Abt Associates: Bold thinkers driving real-world impact
The Ministry of Health in Kenya envisions a future in which its 47 county health departments are connected to the internet through a health information network, its managers and workers are skillful contributors to the knowledge economy, and its national health database is warehousing essential information — from the cost of treatment to data on outpatient care to HIV trends.
That wish list is headed toward reality under AfyaInfo, the Abt Associates-led project to design an integrated web-based national health information system (NHIS). Separately in Kenya, Abt also is working on a health innovations project that focuses on low-income populations and on a food-safety initiative. The projects share a common goal: to improve the quality of life in Kenya.
A web-based information system is driving better health services management, policy, and care in Kenya, while a commitment to innovation is cultivating health care solutions — including a new insurance product — aimed at low-income residents.
The project for a web-based NHIS, an ambitious five-year program launched in 2011, advances the idea that a well-functioning health information system is critical for improving the quality and safety of patient care, health service delivery, and access to medical services. Abt’s work aims to ensure that the system is both sustainable and capable of increasing the availability, quality, and use of health data.
AfyaInfo puts an emphasis on developing structures — including in management learning and knowledge — that will continue to improve the use of information long after the project concludes.
“We’re working hand-in-hand with the government and its agencies to continue the evolution of the health system,” said Jim Setzer, Abt's senior technical adviser for the project. “We are helping the Ministry of Health provide ongoing software and infrastructure support needed to generate quality data for analysis and information sharing for stakeholders.”
Setzer said the scale of the effort is large: Kenya has 47 counties, 8,000 health facilities — both public and private — and more than 25,000 government health care employees.
AfyaInfo works with the government to modernize the NHIS by addressing capacity needs and strengthening the collection and use of data across the health sector. Among other things, the program aims to end redundancies in health care by channeling multiple —sometimes-competing — health information components into a single system. It also raises awareness of policy and legislation needed for a strong national health system.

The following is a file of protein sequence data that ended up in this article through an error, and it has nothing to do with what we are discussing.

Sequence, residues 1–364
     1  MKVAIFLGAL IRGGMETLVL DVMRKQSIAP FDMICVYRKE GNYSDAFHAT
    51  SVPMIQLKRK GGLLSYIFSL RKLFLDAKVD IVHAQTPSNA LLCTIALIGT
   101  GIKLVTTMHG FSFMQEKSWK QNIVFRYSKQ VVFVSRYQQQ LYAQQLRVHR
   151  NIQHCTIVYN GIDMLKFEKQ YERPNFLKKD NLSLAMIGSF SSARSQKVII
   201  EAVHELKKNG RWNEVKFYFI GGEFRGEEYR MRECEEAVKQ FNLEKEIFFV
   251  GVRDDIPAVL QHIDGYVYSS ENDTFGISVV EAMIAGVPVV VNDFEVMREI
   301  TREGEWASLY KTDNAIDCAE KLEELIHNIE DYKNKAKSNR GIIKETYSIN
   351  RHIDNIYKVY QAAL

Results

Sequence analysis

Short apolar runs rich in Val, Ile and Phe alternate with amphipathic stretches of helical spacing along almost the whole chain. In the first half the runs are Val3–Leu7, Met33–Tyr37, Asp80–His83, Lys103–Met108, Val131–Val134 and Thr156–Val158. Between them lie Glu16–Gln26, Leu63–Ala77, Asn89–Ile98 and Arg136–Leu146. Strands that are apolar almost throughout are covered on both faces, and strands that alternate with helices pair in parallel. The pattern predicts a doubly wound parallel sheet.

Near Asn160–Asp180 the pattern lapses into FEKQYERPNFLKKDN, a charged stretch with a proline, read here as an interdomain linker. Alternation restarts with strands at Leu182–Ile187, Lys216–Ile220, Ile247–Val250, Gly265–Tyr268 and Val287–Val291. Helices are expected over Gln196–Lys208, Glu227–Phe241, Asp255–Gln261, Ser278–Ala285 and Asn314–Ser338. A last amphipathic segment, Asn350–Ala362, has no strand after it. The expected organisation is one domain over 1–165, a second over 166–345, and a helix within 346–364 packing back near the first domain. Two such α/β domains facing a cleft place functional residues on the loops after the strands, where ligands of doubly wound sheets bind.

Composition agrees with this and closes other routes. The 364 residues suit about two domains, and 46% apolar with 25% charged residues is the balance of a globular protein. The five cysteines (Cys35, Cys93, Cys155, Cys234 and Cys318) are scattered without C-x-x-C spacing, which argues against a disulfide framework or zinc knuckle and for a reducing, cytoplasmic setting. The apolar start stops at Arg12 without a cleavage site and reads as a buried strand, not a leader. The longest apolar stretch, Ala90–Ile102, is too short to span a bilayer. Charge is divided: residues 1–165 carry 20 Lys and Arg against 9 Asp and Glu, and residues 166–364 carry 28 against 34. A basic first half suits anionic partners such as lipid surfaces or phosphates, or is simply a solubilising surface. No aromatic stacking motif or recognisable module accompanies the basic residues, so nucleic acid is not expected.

While NHIS fine-tunes the foundation for a comprehensive health care system, another Abt program drills down to the needs of a specific demographic: low-income residents. The Strengthening Health Outcomes through the Private Sector (SHOPS) project helps identify innovative health care solutions to address the challenges faced by Kenyans with limited resources.
During 2013, for example, the SHOPS team in Kenya worked with the CIC Insurance group to expand Afya Bora, a new health insurance product. Afya Bora targets low-income groups through savings and credit cooperatives and microfinance institutions.
SHOPS conducted market research on the viability of Afya Bora, developed a new sales and distribution strategy for the service, and contracted an advertising and marketing firm to design promotional materials. Print and radio ads were prepared in English and Kiswahili to announce the 2014 launch of Afya Bora.
In March 2013, SHOPS received support from USAID and the UK Department for International Development in launching the HANSHEP Health Enterprise Fund. The challenge fund identifies promising private-sector innovations focused on low-income populations in sub-Saharan Africa.
In Kenya, the fund named seven grant recipients whose health innovations showed potential for sustainability, scale, and replication. The winning enterprises ranged from health kiosks and mini-clinics to health insurance products and the production of low-cost sanitary pads. Grants ranged from $100,000 to $200,000. Unlike most challenge grants, the HANSHEP Health Enterprise Fund provides award winners with technical assistance in growing their businesses.
SHOPS brought the challenge fund winners together in June 2013 for a knowledge-sharing event in Nairobi. The day-long gathering featured panel discussions with investors, donors, and established health entrepreneurs. The finalists pitched their ideas to interested parties during the expo portion of the event and networked with fellow finalists.
Beyond strengthening the health care system, Abt Associates is also playing a pivotal role in food security in Kenya. Abt is evaluating the results of a pilot project that uses on-farm storage of maize to reduce post-harvest losses. Abt is monitoring the handling, transporting, and warehousing of the maize.
The pilot project was identified by AgResults, the $100 million food security initiative launched at the G20 Summit in 2012. AgResults spotlights agricultural innovations designed to make food safer and more plentiful.
Abt also is evaluating two other pilot projects in Africa identified by AgResults.
Abt Associates is a mission-driven, global leader in research, evaluation and program implementation in the fields of health, social and environmental policy, and international development. Known for its rigorous approach to solving complex challenges, Abt Associates is regularly ranked as one of the top 20 global research firms and one of the top 40 international development innovators. The company has multiple offices in the U.S. and program offices in more than 40 countries.